Of note: for someone who's my favorite author, I haven't 5-starred a George Eliot book since the first one that I read. Tough crowd, I guess. But tough books, too. And while I'll possibly never love anything as much as The Mill on the Floss, this book did incredible things and opened up dozens of doors in my mind.What made it most incredible to me was the thematic currents that kept coming in doubles. I started keeping a list too late to remember everything I felt was there, but so many things in the book silently depend on each other, and are left for comparison without being presented explicitly. It all looked intentional to me, because every reminder of something that had come before (usually on the other side of the novel) tightened the cord around it and made me gasp. It was an ideas book more than a feelings book, to me. Some of these repeating ideas: (view spoiler)[* The subjection of marriage: Gwendolen wishes she didn't have to marry because she sees all women made inferior by it (but she fails to escape the same), Daniel's mother's speech is about her victory over same being the focal purpose of her life (but exemplifies the "monstrosity" of what that sacrifices).* Legitimacy and the manipulation of inheritance: Grandcourt's and Gwendolen's responses to the claim of his children and his will, and Daniel being presumed to be Hugo's natural heir but having to cede his claim to Grandcourt. Daniel's mother removed him from his Jewish inheritance, but he becomes Mordecai's spiritual heir in the end.* Acting/singing/performance and renown: Daniel's mother treasured her celebrated career above all, Mirah failed at the same one but remains beloved, Gwendolen relied on this kind of performance to appear perfect (though she is only valued for it artificially), and Daniel is unashamed of his own "mediocrity".*Gwendolen empowers keys over the things she existentially fears: the strangely grotesque painting in the drawing room at Offendene that she locks up (until the key is stolen and it's exposed), and the dagger she keeps locked away behind a key she drops in the ocean to escape her murderous thoughts.* Gwendolen's various gambles and the lesson of other people's losses. (hide spoiler)]Those are all five stars, right there.I did a very elementary bit of critical reading after I finished. Mostly I was spurred to by the totally unsatisfactory Introduction, which is pretty much RIYL other George Eliot books. However, it did point me to a jaw-droppingly weird blip of literary history in which Henry James reviews the book via fictional dialogue in The Atlantic Monthly in 1876. It's frankly crazy. And though, mainly, those "characters" compliment the book, what "they" really seem to need to say is, WTF did she have to write about Jews for?, in the most acceptably impolite ways possible. (There's talk of noses, and dirtiness. A horrible, valuable picture of what Eliot's audience actually was.)I was astonished to find, though, that apparently this is still what most critics feel about the book (at least, if I'm to believe the Introduction, which must be something of an endorsed opinion). Scholars still think this Jewish plot is uncomfortable, for one reason or another: because it's just plain weird, or because even the most conscientious Victorians were not 21st-century politically-correct so it doesn't seem very "right" now, or because they just like Gwendolen's plot better. There is, in fact, a whole argument that the book as is is a mistake, and Gwendolen's story standing alone would be a better novel.WHAT ARE THEY, STUPID?!*(* Would you like to read a whole article of speculation about Daniel's penis? What? It's not stupid, IT'S SCHOLARLY!)But, so, in this novel there's Daniel's story and there's Gwendolen's story, and then there's their story together. Gwendolen is a selfish creature who gets punished enormously with a transformative, tormenting marriage. Daniel has neither a future nor history of his own, and rescues/reunites/becomes the savior (?) of a pair of Jewish siblings instead. He also, by accident, becomes Gwendolen's confidant as she searches for a moral compass for the first time in her life. He is it.To begin with, this third portion of the story would be all but meaningless if Daniel's own portion didn't exist, and it is here that the book's most significant meaning comes from. Another author could have written this book, but instead of what happens here, Gwendolen would simply have fallen in love with Daniel once her marriage is unhappy, because that's what happens in novels. Here, Eliot does something completely unique (as always!) by instead giving them a strangely urgent ethical connection: the woman so horrified by submission becomes unable to do anything, anything at all, without asking Daniel's directions, worrying about Daniel's opinion, or repeating Daniel's advice like a mantra. Is this because she loves him? Maybe! But it doesn't matter at all. The sheer tonnage of her need for him is heaped only on her monumental effort to cope with doing harm, and she clings to him as a spiritual guide like a drowning person who almost drowns the person saving her.People also seem to think that Deronda is not much of a character -- that he's too good, he's unflawed, a boring vessel for enlightenment. He does represent these things thematically, but as an individual, I guess these readers skipped the days where Daniel judges people ungenerously (and anti-semitically), keeps information from his friends, becomes super resentful of the way others think, and wishes dearly for Gwendolen to leave him alone. He is not always right when he does these things, but he is always understandable. We have sympathy for him the whole time, and in the large view he is indeed a marvelous person. That doesn't make a bad character at all, and most importantly, Eliot makes his marvelous nature the main currency of all the stories in the book. He does hold the novel together and (like Gwendolen) it is better for knowing him.As far as Gwendolen is concerned, I often think it's a shame that as an upstanding (though comparatively sexually-liberated) Victorian, Eliot is unable to write about sex in her novels. I believe she often had it in mind, but with writing about it being so out of the question, who knows. Of the four novels I've read, though, three (and really I just don't remember Romola well enough to count it) have arcs that are supremely relevant to sexual circumstances between the characters. And it isn't like, Elizabeth and Darcy are super hot for each other, I bet they were happy to have sex. In Eliot it's serious heart-punches, like: these people ran away together in order to have sex but can't do it and this is their downfall; these people got married but he might not have any sex with her at all and this is their downfall; and in this book, Grandcourt makes such a project of total dominance in his marriage to Gwendolen, it must have been the ugliest wedding night ever and I almost want to cry thinking about it. (The this-century BBC movie hints at unwilling sex in this way, but it of course is not referenced in the text.) These sexual situations matter deeply, though existing barely even in subtext, and as soon as the Grandcourts' marriage became about power and breaking each other's will, it's what I thought of. It is a pretty unsexy sex plot, but I really think it is one. Gwendolen's misery is made apparent, but I think there is a whole other horror show here that we don't even see.The subject of Jewish people does stand out in the book. What other book is like this? It's a truly unusual choice for a novel at this time. And, I've been trying to read some things to indicate the range of opinions about Jews that George Eliot put forward herself at various times. It was not always good (1848). Though by the time she wrote this, she was reaching for something good (1876). And this reach is what makes it a George Eliot novel: this is her one big cosmopolitan work that depicts the world she lived in as an adult, the learned upper class that led cranky, fractured lives in the country and in town and abroad. How did she choose to write about this? By turning her "gentle" characters upside-down inside prejudice, regret, and subjection. It makes the novel big like the world, and it stuns you into paying attention.While I looked up sources for Eliot's views on Judaism, I also looked for some criticism of the book that touched on Benjamin Disraeli, and only found a little. But the connection was pointed out to me and now seems really important, though I only know a few things about him: he was Prime Minister when the book was published, he was born in a Jewish family but raised Anglican, and he was a novelist as well. Did he and George Eliot know each other? Were they friends or rivals? What did she think of his politics, and did she model Daniel's ambitions to greatly serve the world after him? The novel was (intentionally or not?) seen as inspiration/propaganda for Zionists of both the Christian and Jewish kind, and this troublesome, impenetrable essay (?) in Impressions of Theophrastus Such (Eliot's final book which I don't quite understand what it is?) is on the subject of cultural homelands. There are streets in Jerusalem, Tel Aviv, and Haifa named after her! BECAUSE OF DANIEL DERONDA. THAT'S CRAZY! And, in my opinion, is proof that this theme is not meaningless.There are some troubles. There is some racism, try though she does. Mirah is overcompensation for this, though once she stops getting rescued she finally sounds like a real person and not a simply-sweet Dickens character. I never really loved Gwendolen, although her development is strong and passionate and unflawed except maybe (view spoiler)[that I didn't really believe she was harboring murderous wishes, and was put off when she confessed to having them (hide spoiler)]. That was also a little melodramatic, I guess, since the end events are strong enough. They always are. (And jiminy cricket do not get in one of George Eliot's little boats 3/4 through the book! Crazy shit ensues, every time! Oh, but I love it.)I also think there's a loose end in not hearing Mrs. Glasher's response to the end events. If I were an editor I might have suggested that she and Gwendolen needed to connect one more time. It might not have made things any better for Gwendolen, but a change in the situation undeniably occurred. How did it leave them?Weirdly, at the end I actually wished that this book had a sequel. Then I read a little more about it (this great review in particular) and learned that this HAPPENED. This 1878 version of fanfiction was published as a sequel to "remedy" its "chief defect," which apparently means the Jews. So, instead of editing an abridged version to accomplish this, we just have a ret-conning follow-up novel. … I am so perplexed, I think I am actually going to read it someday. (The reviewer also mentions a Jewish adaptation by the contemporary children's author Marcus Lehman, which may be this one? But I haven't found a lot to confirm it.)Anyway, perhaps I wish that this book was simply 1200 pages long instead of 600. I might not have minded, because in the end Daniel and Gwendolen go to such places finally that their lives are wholly beginning again. I think that ending is unlike any of Eliot's others, and I wish she could have had all of time to tell us what she thought.["br"]>["br"]>["br"]>["br"]>["br"]>["br"]>["br"]>["br"]>["br"]>["br"]>["br"]>["br"]>["br"]>["br"]>["br"]>["br"]>["br"]>["br"]>["br"]>["br"]>["br"]>["br"]>["br"]>["br"]>["br"]>["br"]>["br"]>["br"]>["br"]>["br"]>["br"]>["br"]>["br"]>["br"]>["br"]>["br"]>["br"]>["br"]>["br"]>["br"]>["br"]>["br"]>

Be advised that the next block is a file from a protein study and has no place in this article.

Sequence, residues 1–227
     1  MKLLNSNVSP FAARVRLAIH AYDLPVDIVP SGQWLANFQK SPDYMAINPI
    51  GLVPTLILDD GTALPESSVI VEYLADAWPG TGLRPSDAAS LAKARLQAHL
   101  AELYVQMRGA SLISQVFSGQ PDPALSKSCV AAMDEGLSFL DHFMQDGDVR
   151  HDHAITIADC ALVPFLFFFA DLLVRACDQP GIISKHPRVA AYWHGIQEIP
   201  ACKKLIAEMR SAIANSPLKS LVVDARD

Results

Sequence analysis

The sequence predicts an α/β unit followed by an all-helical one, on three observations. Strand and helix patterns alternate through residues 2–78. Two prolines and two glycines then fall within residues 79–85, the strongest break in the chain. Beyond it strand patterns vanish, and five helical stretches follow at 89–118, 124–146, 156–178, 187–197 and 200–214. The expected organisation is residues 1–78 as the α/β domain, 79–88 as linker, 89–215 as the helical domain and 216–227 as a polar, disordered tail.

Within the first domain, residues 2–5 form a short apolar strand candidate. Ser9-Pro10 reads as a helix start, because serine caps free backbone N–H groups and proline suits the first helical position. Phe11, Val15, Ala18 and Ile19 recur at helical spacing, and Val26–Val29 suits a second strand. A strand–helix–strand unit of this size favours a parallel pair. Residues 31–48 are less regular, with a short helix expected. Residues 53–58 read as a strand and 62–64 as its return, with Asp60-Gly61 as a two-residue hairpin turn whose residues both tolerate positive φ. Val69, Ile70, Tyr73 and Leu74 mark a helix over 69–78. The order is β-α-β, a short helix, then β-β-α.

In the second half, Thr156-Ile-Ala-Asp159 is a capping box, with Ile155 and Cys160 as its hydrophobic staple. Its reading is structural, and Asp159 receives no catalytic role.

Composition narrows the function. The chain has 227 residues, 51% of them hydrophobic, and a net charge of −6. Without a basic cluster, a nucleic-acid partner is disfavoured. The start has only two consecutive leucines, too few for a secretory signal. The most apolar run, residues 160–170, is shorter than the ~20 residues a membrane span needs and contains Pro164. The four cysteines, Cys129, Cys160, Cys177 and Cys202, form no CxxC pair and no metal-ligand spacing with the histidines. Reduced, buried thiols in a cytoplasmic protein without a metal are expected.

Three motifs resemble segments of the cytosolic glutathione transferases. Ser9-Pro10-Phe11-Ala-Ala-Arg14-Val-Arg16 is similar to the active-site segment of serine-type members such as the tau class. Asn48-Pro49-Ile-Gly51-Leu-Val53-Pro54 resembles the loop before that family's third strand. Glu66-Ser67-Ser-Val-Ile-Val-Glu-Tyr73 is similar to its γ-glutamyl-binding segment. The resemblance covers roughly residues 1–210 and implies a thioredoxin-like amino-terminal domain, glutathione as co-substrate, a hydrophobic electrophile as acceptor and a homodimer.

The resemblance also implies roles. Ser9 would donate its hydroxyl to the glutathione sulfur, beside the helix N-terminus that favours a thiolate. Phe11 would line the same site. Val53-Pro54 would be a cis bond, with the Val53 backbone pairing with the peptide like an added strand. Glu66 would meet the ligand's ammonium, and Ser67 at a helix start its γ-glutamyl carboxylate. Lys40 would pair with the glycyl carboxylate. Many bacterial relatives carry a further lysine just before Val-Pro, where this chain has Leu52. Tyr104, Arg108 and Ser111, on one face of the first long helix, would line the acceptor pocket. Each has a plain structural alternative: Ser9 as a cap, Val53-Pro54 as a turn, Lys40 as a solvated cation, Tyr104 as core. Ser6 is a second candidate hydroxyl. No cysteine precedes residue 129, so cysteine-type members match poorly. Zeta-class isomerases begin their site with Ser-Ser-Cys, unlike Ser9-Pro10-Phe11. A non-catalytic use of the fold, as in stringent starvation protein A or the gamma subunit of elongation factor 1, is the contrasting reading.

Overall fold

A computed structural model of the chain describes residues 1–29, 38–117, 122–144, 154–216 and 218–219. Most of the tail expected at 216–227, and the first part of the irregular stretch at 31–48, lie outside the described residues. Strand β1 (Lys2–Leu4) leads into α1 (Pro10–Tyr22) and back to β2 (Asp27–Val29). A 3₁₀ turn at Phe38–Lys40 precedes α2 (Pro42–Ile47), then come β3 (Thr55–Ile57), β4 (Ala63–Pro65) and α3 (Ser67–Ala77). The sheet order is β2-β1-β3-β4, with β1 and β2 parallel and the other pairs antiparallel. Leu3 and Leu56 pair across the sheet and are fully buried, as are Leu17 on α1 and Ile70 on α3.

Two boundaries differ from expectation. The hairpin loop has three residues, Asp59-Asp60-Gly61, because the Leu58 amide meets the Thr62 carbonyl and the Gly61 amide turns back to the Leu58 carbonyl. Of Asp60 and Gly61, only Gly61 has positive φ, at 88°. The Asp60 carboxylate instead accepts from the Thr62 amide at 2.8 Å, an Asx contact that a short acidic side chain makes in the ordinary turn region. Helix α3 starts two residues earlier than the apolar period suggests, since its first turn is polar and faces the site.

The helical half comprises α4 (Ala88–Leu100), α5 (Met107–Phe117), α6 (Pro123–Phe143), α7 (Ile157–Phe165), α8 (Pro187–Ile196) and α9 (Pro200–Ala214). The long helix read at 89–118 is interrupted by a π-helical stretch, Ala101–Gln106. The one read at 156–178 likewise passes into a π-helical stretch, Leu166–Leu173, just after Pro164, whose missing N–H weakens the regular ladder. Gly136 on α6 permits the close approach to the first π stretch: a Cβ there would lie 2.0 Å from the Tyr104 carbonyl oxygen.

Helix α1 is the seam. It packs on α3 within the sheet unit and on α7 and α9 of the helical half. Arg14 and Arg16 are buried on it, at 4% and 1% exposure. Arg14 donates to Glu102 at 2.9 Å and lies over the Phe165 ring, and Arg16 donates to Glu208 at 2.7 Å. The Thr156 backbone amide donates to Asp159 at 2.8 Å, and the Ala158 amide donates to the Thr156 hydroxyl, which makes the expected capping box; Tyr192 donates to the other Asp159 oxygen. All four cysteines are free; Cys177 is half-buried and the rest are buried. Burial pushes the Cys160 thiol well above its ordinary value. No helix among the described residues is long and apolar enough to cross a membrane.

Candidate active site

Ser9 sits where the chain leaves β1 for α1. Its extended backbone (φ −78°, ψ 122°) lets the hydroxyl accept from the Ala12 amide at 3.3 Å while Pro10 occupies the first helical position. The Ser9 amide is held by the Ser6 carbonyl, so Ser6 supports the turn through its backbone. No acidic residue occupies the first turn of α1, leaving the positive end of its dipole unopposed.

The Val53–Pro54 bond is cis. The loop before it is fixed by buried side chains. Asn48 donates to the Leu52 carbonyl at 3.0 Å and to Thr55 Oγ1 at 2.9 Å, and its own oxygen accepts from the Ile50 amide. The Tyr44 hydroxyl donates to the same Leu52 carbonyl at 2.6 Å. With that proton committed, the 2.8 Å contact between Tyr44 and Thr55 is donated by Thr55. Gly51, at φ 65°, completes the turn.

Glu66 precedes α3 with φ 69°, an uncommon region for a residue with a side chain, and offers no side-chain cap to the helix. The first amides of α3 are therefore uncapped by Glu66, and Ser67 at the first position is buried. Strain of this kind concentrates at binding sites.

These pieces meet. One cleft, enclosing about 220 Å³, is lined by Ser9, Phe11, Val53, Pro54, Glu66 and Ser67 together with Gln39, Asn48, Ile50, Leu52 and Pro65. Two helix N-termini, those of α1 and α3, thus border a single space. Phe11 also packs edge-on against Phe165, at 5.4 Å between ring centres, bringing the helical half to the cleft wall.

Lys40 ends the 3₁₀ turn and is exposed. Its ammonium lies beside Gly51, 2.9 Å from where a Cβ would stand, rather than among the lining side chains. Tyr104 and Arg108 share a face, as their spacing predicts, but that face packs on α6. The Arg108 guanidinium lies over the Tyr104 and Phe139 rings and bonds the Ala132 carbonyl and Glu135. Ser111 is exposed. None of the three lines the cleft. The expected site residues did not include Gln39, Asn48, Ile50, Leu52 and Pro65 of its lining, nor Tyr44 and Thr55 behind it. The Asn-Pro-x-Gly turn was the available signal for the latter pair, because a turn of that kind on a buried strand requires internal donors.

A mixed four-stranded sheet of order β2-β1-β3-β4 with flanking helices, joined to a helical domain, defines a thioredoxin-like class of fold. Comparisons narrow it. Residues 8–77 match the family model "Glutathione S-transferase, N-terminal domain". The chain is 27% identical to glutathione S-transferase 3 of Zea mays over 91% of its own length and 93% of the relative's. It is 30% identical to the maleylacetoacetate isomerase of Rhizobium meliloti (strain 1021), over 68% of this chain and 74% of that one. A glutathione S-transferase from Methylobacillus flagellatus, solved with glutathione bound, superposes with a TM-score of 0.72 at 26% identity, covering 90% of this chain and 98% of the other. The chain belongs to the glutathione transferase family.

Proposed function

Heather